Michelle Rodriguez in another great action performance already got her due in this review, and she seems to get more great turns in the genre than most these days, however, what really carries this film is Aaron Eckhart. Eckhart who if he was an athlete would likely be referred to as sneaky good. He’s the kind who tends to get overlooked but then you see him in something you weren’t expecting him to do and are blown away all over again. This is different than him in The Dark Knight, Thank You for Smoking or Erin Brockovich. This film also has something a little different than Stunt Casting, for lack of anything better to call it let’s refer to it as Diamond Casting, which means when you spot someone you recognize some one from a long ago film (there’s that glimmer) but you can’t put your finger on a name. Here it happened in a few cases and that would be with Noel Fisher, Will Rothaar, Taylor Handley and Lucas Till. There are also two fantastic performances by young supporting actors namely Bryce Cass and Joey King.

At times it can seem like any alien invasion film coming out can seem most tired but every once and a while one of these films will surprise you. In my estimation Battle: Los Angeles is such a film. It is most definitely worthy of your viewership.

9/10

Review- I Am Number Four

Alex Pettyfer and Dianna Agron in I am Number Four (Disney)

Most films that can be said to be bifurcated are strong in the first half and tail off towards the end. Few films fly in the face of the screenwriting axiom that first acts are easy and it’s keeping interest through the second act that is truly a challenge. I am Number Four does do that to an extent but it still fails to salvage itself.

It’s not as if the film doesn’t try, it most certainly does that. A lot of the fault is in trying too hard. It does a lot of legwork in the beginning to establish the players in this tale from John (Alex Pettyfer) to his protector, Henri (Timothy Olyphant), to Number 6 (Teresa Palmer) in small and mysterious, at the time, introductory scene, to Sam, the sidekick with a secret attachment to this world (Callan McAuliffe), Sarah, the love interest that tears at John’s world (Dianna Agron) to Mark (Jake Abel) Sarah’s ex and John’s earthly antagonist.

Not to mention the actual antagonists the Mongadorians, who come from a planet of extra-nostriled Voldemorts. While it’s a good thing that all these pieces do end up fitting the puzzle it takes too long to develop them and then display their purpose. Instead of locking these people into the drama in a meaningful way off the bat they all connect close together in a sort of domino effect that suddenly plunges the film into a hyper-drive from the second half through the end.

This film also leaves a lot details out and questions unanswered. It is ultimately hoping for and promising to answer them in a sequel but that’s really putting the cart before the horse. You can’t be so defensive of your story options in a sequel that you do the film at hand a disservice.

How this happens is that only one extra person of the chosen nine is found, Number 6, Numbers 5 and 7 thru 9 are a mystery. Sam who ends up being integral as his life has been directly affected by Mongadorians gets no closure and moves on with the tale into a supposed sequel. Sam’s character also illustrates another issue with this film in as much as he ends up being the most real, identifiable and well played character. This is great for Callan McAuliffe who gets a chance to prove himself in a bigger profile film than he did in last year’s Flipped, for the film, however, it’s kind of an issue when your male and female lead just look the part, say their lines, hit their marks and not much else is added to the equation through them.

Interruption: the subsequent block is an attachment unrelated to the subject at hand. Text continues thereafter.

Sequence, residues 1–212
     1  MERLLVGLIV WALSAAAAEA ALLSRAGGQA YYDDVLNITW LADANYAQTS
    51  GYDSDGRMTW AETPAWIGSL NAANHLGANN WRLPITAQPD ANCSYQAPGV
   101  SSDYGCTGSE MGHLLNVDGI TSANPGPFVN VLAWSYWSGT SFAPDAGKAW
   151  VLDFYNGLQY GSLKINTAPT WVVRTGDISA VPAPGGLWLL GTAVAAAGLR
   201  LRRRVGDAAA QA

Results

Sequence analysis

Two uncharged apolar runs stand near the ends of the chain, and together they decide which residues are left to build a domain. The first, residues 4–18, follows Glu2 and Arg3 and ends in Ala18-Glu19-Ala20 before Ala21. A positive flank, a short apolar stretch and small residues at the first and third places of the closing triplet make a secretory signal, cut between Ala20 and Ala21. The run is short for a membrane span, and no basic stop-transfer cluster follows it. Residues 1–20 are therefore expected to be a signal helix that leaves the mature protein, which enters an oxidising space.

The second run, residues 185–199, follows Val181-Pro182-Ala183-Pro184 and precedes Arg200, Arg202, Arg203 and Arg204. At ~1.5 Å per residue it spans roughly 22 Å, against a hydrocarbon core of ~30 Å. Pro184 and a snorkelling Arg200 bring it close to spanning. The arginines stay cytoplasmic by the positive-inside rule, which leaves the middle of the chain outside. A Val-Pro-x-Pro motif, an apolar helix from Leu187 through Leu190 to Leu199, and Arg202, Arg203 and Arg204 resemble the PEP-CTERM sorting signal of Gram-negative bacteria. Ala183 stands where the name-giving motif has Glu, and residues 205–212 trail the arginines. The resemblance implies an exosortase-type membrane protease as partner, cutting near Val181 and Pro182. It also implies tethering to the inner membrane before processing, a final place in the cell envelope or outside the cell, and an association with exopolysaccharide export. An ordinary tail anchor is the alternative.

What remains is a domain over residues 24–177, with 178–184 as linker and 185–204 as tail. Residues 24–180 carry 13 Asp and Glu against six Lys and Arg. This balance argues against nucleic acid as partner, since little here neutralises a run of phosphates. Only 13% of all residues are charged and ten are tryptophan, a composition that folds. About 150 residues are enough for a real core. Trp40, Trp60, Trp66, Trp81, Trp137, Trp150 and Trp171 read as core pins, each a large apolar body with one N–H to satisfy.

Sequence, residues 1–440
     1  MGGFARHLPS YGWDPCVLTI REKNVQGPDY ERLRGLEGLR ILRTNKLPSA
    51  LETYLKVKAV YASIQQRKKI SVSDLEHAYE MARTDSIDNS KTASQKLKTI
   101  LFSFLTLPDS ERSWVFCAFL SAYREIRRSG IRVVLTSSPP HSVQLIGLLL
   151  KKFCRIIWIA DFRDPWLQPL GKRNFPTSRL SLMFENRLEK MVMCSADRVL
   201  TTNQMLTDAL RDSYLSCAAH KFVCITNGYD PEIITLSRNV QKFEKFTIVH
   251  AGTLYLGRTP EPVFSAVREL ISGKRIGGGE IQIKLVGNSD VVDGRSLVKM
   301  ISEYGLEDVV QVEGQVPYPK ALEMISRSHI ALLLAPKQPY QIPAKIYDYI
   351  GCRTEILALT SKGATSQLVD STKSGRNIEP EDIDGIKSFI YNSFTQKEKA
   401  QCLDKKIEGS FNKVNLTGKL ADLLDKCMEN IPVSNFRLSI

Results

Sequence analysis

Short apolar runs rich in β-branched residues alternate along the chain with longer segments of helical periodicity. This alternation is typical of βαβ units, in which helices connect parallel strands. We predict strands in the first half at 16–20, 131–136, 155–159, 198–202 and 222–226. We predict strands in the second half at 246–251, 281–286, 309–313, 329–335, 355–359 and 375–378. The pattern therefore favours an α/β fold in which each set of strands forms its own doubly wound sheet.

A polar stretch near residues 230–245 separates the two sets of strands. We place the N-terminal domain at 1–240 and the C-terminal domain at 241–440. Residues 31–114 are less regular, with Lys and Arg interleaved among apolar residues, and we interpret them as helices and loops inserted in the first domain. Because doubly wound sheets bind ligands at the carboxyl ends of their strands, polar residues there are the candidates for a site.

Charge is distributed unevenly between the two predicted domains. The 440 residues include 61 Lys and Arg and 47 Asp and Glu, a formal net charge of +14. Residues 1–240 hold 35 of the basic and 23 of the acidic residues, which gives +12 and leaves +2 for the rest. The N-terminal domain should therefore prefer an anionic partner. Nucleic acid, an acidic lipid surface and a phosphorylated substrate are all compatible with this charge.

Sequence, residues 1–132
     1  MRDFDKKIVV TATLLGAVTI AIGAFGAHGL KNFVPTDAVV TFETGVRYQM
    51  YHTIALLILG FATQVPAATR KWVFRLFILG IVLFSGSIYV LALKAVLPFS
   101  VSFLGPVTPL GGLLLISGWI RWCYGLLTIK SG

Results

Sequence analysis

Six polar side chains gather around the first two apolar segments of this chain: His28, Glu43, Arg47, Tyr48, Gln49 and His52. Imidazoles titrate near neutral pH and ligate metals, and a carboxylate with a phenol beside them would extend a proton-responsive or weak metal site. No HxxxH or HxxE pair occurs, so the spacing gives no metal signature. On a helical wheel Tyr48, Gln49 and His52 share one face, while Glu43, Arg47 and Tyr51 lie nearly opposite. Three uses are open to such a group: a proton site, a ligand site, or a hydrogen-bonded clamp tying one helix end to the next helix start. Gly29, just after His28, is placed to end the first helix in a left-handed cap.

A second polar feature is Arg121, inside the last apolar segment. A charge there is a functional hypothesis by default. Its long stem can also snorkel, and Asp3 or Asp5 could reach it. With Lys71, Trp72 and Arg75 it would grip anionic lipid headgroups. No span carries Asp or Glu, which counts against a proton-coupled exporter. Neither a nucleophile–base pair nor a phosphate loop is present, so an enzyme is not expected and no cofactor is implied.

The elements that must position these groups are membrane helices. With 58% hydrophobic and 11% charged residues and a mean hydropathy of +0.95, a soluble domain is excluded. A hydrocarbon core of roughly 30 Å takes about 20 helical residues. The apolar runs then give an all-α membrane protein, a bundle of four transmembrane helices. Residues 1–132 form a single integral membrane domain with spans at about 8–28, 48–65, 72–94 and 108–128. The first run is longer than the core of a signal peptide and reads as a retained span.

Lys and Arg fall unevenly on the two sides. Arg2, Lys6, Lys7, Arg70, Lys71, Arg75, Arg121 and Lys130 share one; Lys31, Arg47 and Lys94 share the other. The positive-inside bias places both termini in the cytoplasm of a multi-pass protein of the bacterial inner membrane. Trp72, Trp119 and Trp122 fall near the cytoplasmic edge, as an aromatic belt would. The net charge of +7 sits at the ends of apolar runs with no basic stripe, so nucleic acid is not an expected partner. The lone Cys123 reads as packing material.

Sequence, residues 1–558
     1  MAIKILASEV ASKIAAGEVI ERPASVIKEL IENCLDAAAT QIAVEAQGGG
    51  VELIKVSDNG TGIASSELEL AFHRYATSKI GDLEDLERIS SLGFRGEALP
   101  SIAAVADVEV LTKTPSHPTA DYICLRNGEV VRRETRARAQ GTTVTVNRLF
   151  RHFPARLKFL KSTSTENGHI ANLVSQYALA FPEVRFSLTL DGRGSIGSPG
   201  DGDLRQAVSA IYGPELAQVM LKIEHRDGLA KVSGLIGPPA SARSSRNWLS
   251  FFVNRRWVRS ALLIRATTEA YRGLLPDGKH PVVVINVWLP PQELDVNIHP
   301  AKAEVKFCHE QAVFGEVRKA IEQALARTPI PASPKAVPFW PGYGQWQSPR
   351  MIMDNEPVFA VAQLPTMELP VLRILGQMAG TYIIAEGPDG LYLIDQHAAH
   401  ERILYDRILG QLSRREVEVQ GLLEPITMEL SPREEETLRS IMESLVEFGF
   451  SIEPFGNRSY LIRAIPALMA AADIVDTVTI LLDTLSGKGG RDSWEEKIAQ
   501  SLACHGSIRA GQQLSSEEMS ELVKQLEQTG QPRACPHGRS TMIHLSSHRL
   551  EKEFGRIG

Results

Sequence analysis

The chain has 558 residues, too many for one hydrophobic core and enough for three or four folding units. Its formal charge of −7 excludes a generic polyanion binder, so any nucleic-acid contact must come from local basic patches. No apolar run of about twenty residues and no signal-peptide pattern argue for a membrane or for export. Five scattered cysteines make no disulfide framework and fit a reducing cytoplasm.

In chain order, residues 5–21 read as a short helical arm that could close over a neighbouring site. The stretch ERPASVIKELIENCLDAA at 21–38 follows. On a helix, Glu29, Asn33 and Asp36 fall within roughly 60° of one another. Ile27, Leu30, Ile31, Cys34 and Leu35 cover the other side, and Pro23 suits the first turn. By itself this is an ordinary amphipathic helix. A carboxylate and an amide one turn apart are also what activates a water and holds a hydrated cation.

Then, of course, this film also suffers from a mild case of Random Animal Syndrome. As the name suggests its where random animals make too big an impact on a film. First, there’s a gecko trailing John and Henri. We are left to surmise it becomes a dog. A dog who is not a dog rather because it’s rather easy to see early on that it’s a bit too smart and good at navigation to be a regular dog. Then we see what the dog becomes late for an awesome beast showdown, which I’ll admit is kind of cool and the CG is well done but it is slightly SyFy movie like.

There’s also a lot of information withheld not only from our protagonist but also from the audience. We already know this is a Chosen One(s) plot but what we need are the rules and a reason to root for this chosen entity. For any of these plots to work like they do in Star Wars or Harry Potter there needs to be some grounding. Some very strong attachment we can build with the protagonist so we can be truly invested in his/her plight. That doesn’t really exist here at least not in this incarnation of the tale.

I absolutely despise when reviewers get cutesy, so in closing, I just want to state for the record that I am not giving I am Number Four a four for that reason. As my rating scale indicates a score of 4/10 is “A film with a few mistakes too big to overlook.” There are definitely things to like about the film but there are too many things that stop it from getting going and leave you scratching your head. If you walked in halfway through the film you might love it until you saw the excruciatingly slow and un-illuminating first half.

4/10